Buying a new home is never an easy task. There is so much to take into consideration; location, price, layout, size, how much work it needs, but one of the most important is a home inspection. Buyers frequently ask 'do I really need to spend money on a home inspection?'. The answer is a definite yes, and here's why.

But first, what is a home inspection?

A home inspection is a total review and inspection of the property in question by a trained and authorized professional. The inspection gives the home buyers the opportunity to identify any issues with the property before purchase. Home inspections are used as a contingency or subject in your contract, meaning that if there are any issues found during the inspection, you can withdraw your offer to purchase without penalty.

The cost of a local residential home inspection varies slightly. Depending on the size of the property home and area and inspector doing the inspection, it can range from roughly $500-$650. In my opinion, this is a small investment in some security in the purchase of your new home.

The most important thing is that the home inspector that you choose is fully licensed. Ask to see the home inspector's license, which should be issued by Consumer Protection BC. You can also use the Consumer Protection BC online licensee search to find the details of a licensed home inspector.

You can also check with the Canadian Association of Home Inspectors, and this BC government page also has some details of what is required.

What is covered by a home inspection?

The home inspection should examine a range of key elements of the property and then produce a final report for you. Home inspections normally last several hours, and once complete, the inspector will walk-through the property with you and your Real Estate Agent to discuss elements of the review in detail.

Typically, the inspector will first cover the exterior of the home, then the interior, then any other additional sections, such as outbuildings, etc.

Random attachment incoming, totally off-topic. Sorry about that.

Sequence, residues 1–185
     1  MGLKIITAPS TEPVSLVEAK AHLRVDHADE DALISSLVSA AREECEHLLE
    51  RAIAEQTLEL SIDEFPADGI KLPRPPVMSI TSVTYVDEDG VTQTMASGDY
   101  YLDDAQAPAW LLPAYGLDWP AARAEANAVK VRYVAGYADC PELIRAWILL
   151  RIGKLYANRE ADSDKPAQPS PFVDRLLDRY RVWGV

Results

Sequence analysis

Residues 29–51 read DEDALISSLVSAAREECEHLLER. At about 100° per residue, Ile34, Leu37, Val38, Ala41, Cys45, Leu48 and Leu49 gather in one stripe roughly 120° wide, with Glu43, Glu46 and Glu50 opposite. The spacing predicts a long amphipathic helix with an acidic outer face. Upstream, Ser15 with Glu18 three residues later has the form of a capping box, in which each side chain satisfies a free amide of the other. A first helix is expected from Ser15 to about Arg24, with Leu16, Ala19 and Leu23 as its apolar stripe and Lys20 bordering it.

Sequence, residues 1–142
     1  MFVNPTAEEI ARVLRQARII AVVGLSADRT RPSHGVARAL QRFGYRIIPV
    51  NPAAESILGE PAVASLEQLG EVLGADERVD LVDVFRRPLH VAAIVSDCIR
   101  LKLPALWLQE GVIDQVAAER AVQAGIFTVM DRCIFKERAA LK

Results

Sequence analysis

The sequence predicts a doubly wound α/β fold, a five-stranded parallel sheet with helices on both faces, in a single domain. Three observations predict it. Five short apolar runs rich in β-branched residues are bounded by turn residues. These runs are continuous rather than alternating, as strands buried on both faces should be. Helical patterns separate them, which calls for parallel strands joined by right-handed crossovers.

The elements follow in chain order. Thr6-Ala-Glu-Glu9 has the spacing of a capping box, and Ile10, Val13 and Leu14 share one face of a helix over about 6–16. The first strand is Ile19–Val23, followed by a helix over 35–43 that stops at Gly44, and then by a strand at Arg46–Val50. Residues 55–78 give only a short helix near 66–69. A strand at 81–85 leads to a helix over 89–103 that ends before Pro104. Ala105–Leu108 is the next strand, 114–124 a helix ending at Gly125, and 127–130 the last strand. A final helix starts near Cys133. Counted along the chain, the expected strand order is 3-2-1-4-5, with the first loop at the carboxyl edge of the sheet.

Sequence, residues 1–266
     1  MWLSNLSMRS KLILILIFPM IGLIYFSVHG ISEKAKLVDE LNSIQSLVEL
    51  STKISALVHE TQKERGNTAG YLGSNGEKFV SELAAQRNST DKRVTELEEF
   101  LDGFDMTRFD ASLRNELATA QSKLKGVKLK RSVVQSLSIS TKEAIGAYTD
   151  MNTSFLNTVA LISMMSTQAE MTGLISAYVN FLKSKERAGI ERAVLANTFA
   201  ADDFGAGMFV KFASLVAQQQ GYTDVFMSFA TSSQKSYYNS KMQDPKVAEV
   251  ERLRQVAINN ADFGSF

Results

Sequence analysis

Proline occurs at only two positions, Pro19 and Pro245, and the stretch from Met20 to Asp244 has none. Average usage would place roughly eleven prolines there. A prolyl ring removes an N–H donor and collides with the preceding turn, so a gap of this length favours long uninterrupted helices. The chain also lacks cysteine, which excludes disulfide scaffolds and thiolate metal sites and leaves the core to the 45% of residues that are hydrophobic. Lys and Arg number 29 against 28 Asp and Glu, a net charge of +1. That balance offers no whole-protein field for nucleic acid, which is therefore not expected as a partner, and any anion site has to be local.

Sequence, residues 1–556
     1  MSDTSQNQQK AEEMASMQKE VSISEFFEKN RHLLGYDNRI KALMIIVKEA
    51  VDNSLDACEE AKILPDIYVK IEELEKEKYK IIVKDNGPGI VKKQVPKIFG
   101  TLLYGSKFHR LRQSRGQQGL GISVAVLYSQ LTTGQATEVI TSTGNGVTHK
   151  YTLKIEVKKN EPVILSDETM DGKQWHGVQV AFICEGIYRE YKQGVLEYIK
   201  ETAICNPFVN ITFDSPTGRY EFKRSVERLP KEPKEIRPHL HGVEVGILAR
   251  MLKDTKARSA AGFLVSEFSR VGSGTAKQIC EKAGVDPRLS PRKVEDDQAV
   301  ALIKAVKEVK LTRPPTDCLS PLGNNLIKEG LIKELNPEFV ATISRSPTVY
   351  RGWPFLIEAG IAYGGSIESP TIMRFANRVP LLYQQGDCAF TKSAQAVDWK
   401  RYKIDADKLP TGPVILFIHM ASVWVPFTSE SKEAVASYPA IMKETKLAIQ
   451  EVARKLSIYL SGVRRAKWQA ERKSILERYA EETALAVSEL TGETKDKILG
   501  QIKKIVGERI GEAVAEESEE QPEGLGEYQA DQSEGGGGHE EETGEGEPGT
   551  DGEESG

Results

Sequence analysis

Typical exterior considerations:

  • Foundation

  • Exterior walls

  • Roof

  • Grading

  • Garage

Typical interior considerations:

  • Fire and safety

  • Heating, ventilation, A/C.

  • Electrical systems

  • Plumbing systems; water heaters

  • Appliances

  • Bathrooms & fixtures

  • Laundry areas

The exact details for your inspection report may vary depending on the experience, skill, and equipment of the inspector, and there may be areas that are beyond the knowledge of the inspector so he may need to call in another party, such as another inspector, or a specialist in the area in question.

Undoubtedly, the home inspection will reveal some kind of problem, and there are several options to choose from in this case:

  • If the issues are of too large a scale, you can withdraw your purchase offer, so long as an inspection contingency is listed in your contract.

  • You can request that the seller fix these issues

  • You can request that the seller reduces the asking price

Remember, a home inspection is an opportunity for you to check whether there are any issues with the property that you're preparing to buy, and your final chance to make sure that it is a solid purchase and that you are happy moving forward.

For more information on home inspections or any other queries regarding properties for sale in the Shuswap, contact Jeremy Osborne now.